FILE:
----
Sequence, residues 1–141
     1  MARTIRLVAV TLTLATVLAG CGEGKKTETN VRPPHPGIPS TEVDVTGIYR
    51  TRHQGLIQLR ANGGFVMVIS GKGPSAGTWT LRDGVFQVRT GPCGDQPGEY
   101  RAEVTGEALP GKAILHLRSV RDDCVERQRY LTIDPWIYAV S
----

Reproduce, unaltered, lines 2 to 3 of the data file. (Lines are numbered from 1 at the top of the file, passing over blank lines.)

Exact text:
     1  MARTIRLVAV TLTLATVLAG CGEGKKTETN VRPPHPGIPS TEVDVTGIYR
    51  TRHQGLIQLR ANGGFVMVIS GKGPSAGTWT LRDGVFQVRT GPCGDQPGEY